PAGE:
Sandia conducted tests into the white light generated by diode lasers and discovered the human eye is as comfortable with it as it is with LEDs.
An important difference between lasers and LEDs is the efficiency of each, with LEDs reducing in efficiency at higher currents while lasers improve.
Sandia researcher Jeff Tsao, who proposed the comparative experiment, said: ‘What we showed is that diode lasers are a worthwhile path to peruse for lighting.’
The tests – reported in LEDs Magazine – took place at University of New Mexico’s Centre for High Technology Materials, where 40 volunteers were seated in front of two near-identical scenes. Each both was illuminated by warm, cool or neutral white LEDs, tungsten-filament incandescent light or a combination of four lasers – blue, red, green, yellow – which combined were tuned to create white light.
Volunteers were asked to chose between alternatives – but were not told which source was being used – 80 times. Jonathan Wierer, involved in planning, calibrating and executing the experiments, said there was a significant preference for the diode-laser-based white light over the warm and cool LED-based white light. There was no statistical preference between the laser-based light and either the neutral LED-based or incandescent white light.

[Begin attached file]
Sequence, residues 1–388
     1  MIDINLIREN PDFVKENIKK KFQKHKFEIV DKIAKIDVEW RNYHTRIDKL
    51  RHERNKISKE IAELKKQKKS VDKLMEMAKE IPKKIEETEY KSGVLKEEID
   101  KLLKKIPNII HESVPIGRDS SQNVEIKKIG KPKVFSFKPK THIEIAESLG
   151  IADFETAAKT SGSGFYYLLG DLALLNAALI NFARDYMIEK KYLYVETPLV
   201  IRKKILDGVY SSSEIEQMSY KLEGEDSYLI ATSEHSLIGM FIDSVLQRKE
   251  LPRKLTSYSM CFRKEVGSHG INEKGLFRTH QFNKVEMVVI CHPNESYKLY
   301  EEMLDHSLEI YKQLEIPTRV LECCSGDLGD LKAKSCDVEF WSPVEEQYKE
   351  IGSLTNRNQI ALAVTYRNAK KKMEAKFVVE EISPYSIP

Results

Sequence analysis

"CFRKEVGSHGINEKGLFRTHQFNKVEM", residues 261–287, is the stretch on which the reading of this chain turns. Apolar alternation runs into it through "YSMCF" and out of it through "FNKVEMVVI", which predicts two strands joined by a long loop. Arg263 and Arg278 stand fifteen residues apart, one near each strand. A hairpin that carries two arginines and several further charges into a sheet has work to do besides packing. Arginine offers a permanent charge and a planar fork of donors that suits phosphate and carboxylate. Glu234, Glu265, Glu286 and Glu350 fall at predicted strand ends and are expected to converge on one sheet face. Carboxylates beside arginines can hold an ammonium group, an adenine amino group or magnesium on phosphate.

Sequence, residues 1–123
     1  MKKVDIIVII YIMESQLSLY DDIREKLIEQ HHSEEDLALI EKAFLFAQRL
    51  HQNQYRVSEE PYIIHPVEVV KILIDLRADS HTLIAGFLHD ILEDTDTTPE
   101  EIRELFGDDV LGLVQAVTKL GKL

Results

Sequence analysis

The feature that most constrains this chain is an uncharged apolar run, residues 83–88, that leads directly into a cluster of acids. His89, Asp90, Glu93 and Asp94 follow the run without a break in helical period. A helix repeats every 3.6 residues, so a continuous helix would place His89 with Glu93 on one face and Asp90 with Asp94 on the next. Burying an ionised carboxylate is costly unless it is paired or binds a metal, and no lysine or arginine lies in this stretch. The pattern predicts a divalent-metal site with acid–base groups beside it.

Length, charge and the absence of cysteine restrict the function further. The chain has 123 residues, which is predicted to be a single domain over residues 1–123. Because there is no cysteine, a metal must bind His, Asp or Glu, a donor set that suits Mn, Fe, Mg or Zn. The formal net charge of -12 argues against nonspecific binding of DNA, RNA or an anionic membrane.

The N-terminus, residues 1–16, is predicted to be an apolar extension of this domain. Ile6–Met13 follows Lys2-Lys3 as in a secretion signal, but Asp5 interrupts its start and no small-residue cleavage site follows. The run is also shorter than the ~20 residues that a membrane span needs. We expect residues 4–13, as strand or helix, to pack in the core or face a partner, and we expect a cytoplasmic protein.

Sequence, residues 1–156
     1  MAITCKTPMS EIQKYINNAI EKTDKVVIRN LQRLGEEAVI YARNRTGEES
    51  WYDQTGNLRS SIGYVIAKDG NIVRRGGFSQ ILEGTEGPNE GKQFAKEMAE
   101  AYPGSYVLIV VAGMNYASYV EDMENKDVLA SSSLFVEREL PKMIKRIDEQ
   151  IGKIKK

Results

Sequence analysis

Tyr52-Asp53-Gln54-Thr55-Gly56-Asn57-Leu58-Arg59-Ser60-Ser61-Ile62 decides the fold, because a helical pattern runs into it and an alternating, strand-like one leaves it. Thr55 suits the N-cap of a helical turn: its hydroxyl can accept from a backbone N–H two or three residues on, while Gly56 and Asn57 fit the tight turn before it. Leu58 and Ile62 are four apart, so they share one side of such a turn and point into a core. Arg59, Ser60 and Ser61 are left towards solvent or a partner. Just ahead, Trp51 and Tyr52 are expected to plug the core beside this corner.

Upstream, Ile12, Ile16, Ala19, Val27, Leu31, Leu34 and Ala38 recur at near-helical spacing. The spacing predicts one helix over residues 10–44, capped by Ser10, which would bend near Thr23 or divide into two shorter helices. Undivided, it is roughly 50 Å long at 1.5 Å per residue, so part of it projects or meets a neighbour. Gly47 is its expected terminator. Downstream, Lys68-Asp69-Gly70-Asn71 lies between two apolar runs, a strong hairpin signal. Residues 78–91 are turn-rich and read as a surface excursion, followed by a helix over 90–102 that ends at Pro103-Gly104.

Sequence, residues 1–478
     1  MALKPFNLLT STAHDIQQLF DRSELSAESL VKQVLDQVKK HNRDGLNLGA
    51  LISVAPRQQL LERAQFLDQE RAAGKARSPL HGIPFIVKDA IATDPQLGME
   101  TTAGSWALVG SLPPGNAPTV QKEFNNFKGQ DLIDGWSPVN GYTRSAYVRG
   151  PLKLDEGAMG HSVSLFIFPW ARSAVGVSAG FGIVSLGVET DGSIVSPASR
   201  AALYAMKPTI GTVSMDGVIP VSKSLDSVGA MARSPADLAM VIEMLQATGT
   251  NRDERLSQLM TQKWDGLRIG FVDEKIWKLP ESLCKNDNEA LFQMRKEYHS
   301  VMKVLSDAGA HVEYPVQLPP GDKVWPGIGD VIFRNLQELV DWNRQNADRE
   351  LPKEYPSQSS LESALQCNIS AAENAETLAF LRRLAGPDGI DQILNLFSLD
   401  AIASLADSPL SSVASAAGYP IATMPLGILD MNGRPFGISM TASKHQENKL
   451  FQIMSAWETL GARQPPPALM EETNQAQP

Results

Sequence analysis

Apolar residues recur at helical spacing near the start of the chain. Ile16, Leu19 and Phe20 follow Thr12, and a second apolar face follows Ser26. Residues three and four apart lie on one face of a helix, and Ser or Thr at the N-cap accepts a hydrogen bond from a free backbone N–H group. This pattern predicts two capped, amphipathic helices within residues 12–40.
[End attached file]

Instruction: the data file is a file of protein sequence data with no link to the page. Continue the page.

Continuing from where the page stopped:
Jonathan Wierer, researcher at Sandia, said: ‘We are going to start exploring the challenges of using lasers for solid-state lighting. We are starting to look at topics such as efficiency, quality and economical benefits.
‘We think this idea has potential. It most likely will not have as much universal use as LED-based solid-state lighting, but probably has some potential in specific lighting applications.’
Sandia’s experiment combined the output of four laser colours – blue, red, green and yellow – to create a white light source. The narrow beam is addressed via a suitable optical system.
The Sandia research was published in the 1 July, Optics Express